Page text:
Thirteen people who died after a semitruck slammed into their packed SUV near the U.S.-Mexico border were among 44 who entered the United States through a 10-foot hole cut into Southern California's border fence, Customs and Border Protection said Wednesday.
"All are suspected to have entered the U.S. illegally," the agency said in a statement. "Border Patrol is investigating the smuggling events."
Two cars were seen on surveillance video leaving the area of the fence hole around 6 a.m. PT Tuesday, according to the agency.
One vehicle, a Chevrolet Suburban, carried 19 people and caught fire after entering the U.S. and traveling 30 miles to the intersection of Interstate 8 and State Route 115, the agency said. All passengers escaped the vehicle and were taken into custody by Border Patrol agents.
The cause of the fire was not immediately clear.
The other vehicle, a 1997 Ford Expedition with seats removed, was transporting 25 people when a big rig hit the SUV's side at the intersection of SR 115 and Norrish Road near Holtville, California, said Omar Watson, Highway Patrol Division chief.
The crash occurred about 10 miles north of the border, and a Mexican government official said at least 10 of the victims who died were Mexican nationals.
"At no point" did Border Patrol "attempt to stop or pursue either vehicle," the agency said. The opening in the fence was about 30 miles east of the crash in the heart of California's Imperial Valley, a major farming region. The area has long been a significant route for illegal border crossings.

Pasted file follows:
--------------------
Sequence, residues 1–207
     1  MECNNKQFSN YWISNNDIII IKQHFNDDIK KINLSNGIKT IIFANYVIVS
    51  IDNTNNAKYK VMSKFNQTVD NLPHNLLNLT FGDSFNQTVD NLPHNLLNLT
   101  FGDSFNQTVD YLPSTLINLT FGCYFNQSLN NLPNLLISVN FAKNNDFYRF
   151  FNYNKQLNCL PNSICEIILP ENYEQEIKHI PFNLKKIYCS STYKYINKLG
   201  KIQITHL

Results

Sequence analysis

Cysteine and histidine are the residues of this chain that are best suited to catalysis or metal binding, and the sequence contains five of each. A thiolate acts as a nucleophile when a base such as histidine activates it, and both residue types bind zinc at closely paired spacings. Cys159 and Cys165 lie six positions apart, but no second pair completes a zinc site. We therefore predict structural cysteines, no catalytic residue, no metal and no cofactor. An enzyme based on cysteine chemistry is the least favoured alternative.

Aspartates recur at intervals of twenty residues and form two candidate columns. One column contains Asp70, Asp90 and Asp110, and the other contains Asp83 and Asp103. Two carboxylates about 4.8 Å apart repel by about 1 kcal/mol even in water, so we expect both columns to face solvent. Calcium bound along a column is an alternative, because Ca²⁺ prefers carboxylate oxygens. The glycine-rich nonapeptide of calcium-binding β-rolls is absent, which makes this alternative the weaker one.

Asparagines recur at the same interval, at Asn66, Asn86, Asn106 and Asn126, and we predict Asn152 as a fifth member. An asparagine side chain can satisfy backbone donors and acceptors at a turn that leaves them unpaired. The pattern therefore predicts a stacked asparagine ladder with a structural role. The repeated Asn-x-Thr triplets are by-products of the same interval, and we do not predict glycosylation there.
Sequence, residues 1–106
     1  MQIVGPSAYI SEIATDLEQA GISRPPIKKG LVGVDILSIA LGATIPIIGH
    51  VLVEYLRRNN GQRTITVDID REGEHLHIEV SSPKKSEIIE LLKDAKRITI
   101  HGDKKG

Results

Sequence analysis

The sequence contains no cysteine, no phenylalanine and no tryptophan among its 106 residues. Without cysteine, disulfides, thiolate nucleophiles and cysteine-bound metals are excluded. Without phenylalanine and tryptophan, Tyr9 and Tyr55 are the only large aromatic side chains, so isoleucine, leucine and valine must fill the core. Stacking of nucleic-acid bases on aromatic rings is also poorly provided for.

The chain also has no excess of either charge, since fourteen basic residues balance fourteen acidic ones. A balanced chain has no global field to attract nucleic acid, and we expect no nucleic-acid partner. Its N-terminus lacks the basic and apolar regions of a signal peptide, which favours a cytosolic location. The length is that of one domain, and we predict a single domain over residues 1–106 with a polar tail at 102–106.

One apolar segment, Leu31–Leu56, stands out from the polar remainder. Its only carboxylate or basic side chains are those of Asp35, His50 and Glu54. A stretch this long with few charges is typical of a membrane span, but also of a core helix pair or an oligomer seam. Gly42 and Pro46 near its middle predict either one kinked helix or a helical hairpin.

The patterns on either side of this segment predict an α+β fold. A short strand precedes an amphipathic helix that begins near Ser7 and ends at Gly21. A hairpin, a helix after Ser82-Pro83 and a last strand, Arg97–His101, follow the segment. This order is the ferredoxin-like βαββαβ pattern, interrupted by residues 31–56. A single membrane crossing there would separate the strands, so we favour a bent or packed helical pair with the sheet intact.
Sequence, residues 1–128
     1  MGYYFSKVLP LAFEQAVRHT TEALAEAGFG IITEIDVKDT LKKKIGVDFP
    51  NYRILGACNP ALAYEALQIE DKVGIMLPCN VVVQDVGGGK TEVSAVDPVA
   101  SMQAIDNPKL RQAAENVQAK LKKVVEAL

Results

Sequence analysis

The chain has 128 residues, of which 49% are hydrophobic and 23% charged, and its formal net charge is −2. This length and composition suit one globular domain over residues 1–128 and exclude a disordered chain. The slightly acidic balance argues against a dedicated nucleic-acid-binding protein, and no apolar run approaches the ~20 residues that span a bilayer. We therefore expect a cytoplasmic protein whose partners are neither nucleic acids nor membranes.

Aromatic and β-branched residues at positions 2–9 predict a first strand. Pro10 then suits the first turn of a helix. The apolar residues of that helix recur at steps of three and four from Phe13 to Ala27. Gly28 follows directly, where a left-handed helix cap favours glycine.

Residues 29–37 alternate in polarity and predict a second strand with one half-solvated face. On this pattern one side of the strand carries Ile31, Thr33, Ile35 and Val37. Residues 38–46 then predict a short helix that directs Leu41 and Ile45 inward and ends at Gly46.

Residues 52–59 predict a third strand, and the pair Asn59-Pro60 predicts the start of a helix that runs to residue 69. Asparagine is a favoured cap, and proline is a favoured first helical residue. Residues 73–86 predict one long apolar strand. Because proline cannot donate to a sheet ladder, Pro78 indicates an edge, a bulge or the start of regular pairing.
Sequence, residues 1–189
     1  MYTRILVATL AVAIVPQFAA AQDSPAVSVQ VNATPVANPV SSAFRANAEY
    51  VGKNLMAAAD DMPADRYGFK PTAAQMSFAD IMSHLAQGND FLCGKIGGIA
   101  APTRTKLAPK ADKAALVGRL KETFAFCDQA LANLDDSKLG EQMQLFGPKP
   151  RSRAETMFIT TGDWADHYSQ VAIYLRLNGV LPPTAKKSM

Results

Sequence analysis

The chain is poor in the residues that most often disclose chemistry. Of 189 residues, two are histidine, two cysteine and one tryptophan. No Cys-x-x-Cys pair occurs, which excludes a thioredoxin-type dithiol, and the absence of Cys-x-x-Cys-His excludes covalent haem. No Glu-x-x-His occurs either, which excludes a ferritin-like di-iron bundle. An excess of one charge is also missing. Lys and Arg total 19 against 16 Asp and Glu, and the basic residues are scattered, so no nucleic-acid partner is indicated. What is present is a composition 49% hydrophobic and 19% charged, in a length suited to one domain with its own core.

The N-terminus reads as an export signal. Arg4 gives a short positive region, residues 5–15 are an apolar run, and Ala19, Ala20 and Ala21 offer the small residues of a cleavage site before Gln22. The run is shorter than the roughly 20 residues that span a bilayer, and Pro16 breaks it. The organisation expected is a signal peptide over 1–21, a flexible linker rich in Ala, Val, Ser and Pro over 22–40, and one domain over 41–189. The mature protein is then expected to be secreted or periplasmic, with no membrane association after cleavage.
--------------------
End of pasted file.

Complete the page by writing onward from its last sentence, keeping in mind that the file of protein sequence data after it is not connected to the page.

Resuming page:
"We pray for the accident victims and their families during this difficult time," Gregory Bovino, the Border Patrol's El Centro sector chief, said in a statement. "Human smugglers have proven time and again they have little regard for human life. Those who may be contemplating crossing the border illegally should pause to think of the dangers that all too often end in tragedy tragedies our Border Patrol Agents and first responders are unfortunately very familiar with."
Breaking news: At least 13 dead after truck slams into SUV carrying 25 near US-Mexico border
Here's what we know now:
What happened in the crash?
A preliminary report released Tuesday by the Highway Patrol said the SUV, driven by a 28-year-old resident of Mexico, "entered the intersection directly in front" of a Peterbilt truck. Police said it wasn't clear why the SUV entered the intersection, but the truck struck its left side, immediately killing the SUV driver.
Watson said 12 people were killed at the scene and a 13th person later died in the hospital. Several people were flung from the SUV while others managed to get out by the time police responded, Watson said. A few others had to be freed from the SUV.
"It would be premature for me to speculate or discuss what caused this collision. What we have to keep in mind is that 13 people died in this crash," Watson said Tuesday. "It's a very sad situation."
Who was killed and injured in the crash?
Police have not released the names of the victims. The ages of those in the SUV range from 15 to 53. No children were killed in the crash, police said.
The SUV's driver was from Mexicali, Mexico. Roberto Velasco, director of North American affairs for Mexico's Foreign Relations Department, confirmed that 10 of the people killed were Mexican.
The Mexican Consulate in Calexico said Wednesday that it had begun the process of notifying the families of the Mexican nationals killed in the crash, but they shared few new details about the incident.
"We know that there are families in the United States, as well as in several states in Mexico. The consulate has reached out to six families of the deceased individuals," said Mario Beltran Mainero, the press officer for the consulate. "We're working to reach all of them."